3 Missteps to Avoid When It Comes to Your Running ShoesDec. 10, 2019 - Katie McCallum
Whether running a half marathon or a full one, it’s important to have a pair of running shoes you can count on to get you to the finish line — pain-free.
“A proper running shoe helps facilitate the natural movement and biomechanics of your foot, which is especially important during a marathon or long run,” says Kristin Salinas, athletic trainer at Houston Methodist. “An improper shoe can affect your normal foot movement while you run and can increase injury.”
You probably already know the basics of what’s considered a bad running shoe. Shoes that are too tight may cause blisters, bruises on your toes or foot numbness. Shoes that are too big may cause your feet to slide back and forth — affecting how you move and run and placing unwanted stress on your foot.
“Knowing your shoe size is important,” says Salinas. “But, when it comes to training and running a marathon, there’s more to an improper running shoe than being too big or too small.”
Mistake #1: Your shoes don’t match your foot type
Finding a running shoe you can trust to take you long distances means knowing your foot type — since this affects the way your foot contacts the ground as you run or walk.
The simplest way to use your foot type to pick out a proper shoe is to look at the arch of your foot.
- If you have a high arch, look for a shoe that has a lot of cushioning.
- If you have a low arch (or flat feet), look for a shoe that provides plenty of stability and motion control.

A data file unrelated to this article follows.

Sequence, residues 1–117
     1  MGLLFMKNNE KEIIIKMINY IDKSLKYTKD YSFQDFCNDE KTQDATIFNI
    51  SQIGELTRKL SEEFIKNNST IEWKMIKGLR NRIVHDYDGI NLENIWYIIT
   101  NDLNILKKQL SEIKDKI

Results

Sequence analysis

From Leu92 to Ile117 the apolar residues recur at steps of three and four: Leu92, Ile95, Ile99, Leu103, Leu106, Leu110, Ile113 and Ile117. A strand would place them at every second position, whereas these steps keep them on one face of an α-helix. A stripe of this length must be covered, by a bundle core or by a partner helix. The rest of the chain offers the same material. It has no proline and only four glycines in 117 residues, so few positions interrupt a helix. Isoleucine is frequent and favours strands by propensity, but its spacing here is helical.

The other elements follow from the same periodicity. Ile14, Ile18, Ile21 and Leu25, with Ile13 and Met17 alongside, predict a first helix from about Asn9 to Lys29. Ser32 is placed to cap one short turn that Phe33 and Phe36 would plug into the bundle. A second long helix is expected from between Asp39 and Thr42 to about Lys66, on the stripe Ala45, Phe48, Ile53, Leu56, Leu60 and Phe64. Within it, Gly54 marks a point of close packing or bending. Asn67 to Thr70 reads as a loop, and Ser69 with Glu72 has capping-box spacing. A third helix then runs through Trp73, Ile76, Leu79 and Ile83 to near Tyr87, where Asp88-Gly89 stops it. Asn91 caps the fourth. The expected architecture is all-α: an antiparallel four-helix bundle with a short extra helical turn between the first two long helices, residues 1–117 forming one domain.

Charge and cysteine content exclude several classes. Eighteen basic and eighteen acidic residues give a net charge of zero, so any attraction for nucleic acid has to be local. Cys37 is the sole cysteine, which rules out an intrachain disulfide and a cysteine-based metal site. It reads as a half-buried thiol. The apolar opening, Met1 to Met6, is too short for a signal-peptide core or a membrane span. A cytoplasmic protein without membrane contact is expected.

- If you have a normal arch, look for a shoe geared around stability.
“When it comes to determining your foot type, I recommend going to a specialty running shoe store,” explains Salinas. “The sales associates at specialty stores are incredibly knowledgeable about how foot type, stride and mechanics affect your run – and they can help you get in the proper shoe.”
If you’re in a pinch, there’s also a quick DIY method to determine your foot type.
“You can also get your feet wet and stand on dry cement,” says Salinas. “From your footprint, you can usually get a pretty good idea of whether you have a normal, high or low arch.”
Mistake #2: Your shoes are too old
Your running shoes have a limited lifespan, and it’s measured by miles — not time.
“Running shoes have between 300 to 400 miles in them,” says Salinas. “If you wear your running shoes beyond that, you increase your chance of getting sidelined due to injury.”
That might sound like a lot of miles, but if you’re training for a marathon they may fly by faster than you expect. To make sure you don’t wear through your running shoes too quickly, Salinas recommends only wearing them while training or during the marathon itself.
And while you can wait for signals like lower leg or foot pain to let you know your shoes are near the end of their life, Salinas recommends a more proactive approach.
“There are great smartphone apps that can help you keep track of the number of miles you’ve logged in your running shoes,” explains Salinas. “Some of these apps, like Run Keeper, will also send alerts when your shoes are getting close to their max mileage.”
And knowing how close your shoes are to end of their lifespan is important, since it takes planning to make sure you buy new ones at the right time.
Mistake #3: You shoes are too new
Wearing old shoes during a marathon can lead to foot pain. But so can wearing a brand-new shoe that your foot isn’t used to yet.
“After buying a new pair of running shoes, you’ll want to log between 50 to100 miles (or about 4 to 6 long runs) in them before wearing them for a marathon,” explains Salinas. “This is plenty of miles for your feet to adjust to the shoe, but few enough that you won’t wear through the cushioning too much.”
While this may take a bit of planning, this is where relying on an app to help you track shoe mileage can help.
And when it comes to buying new shoes, Salinas recommends finding a shoe you like and repurchasing it every time you need a new pair.
“Once you find a pair of shoes that feels right and works for your foot and running goals, stick with it,” says Salinas. “If the shoe is discontinued, visit a specialty shoe store and ask the experts to suggest a close alternative.”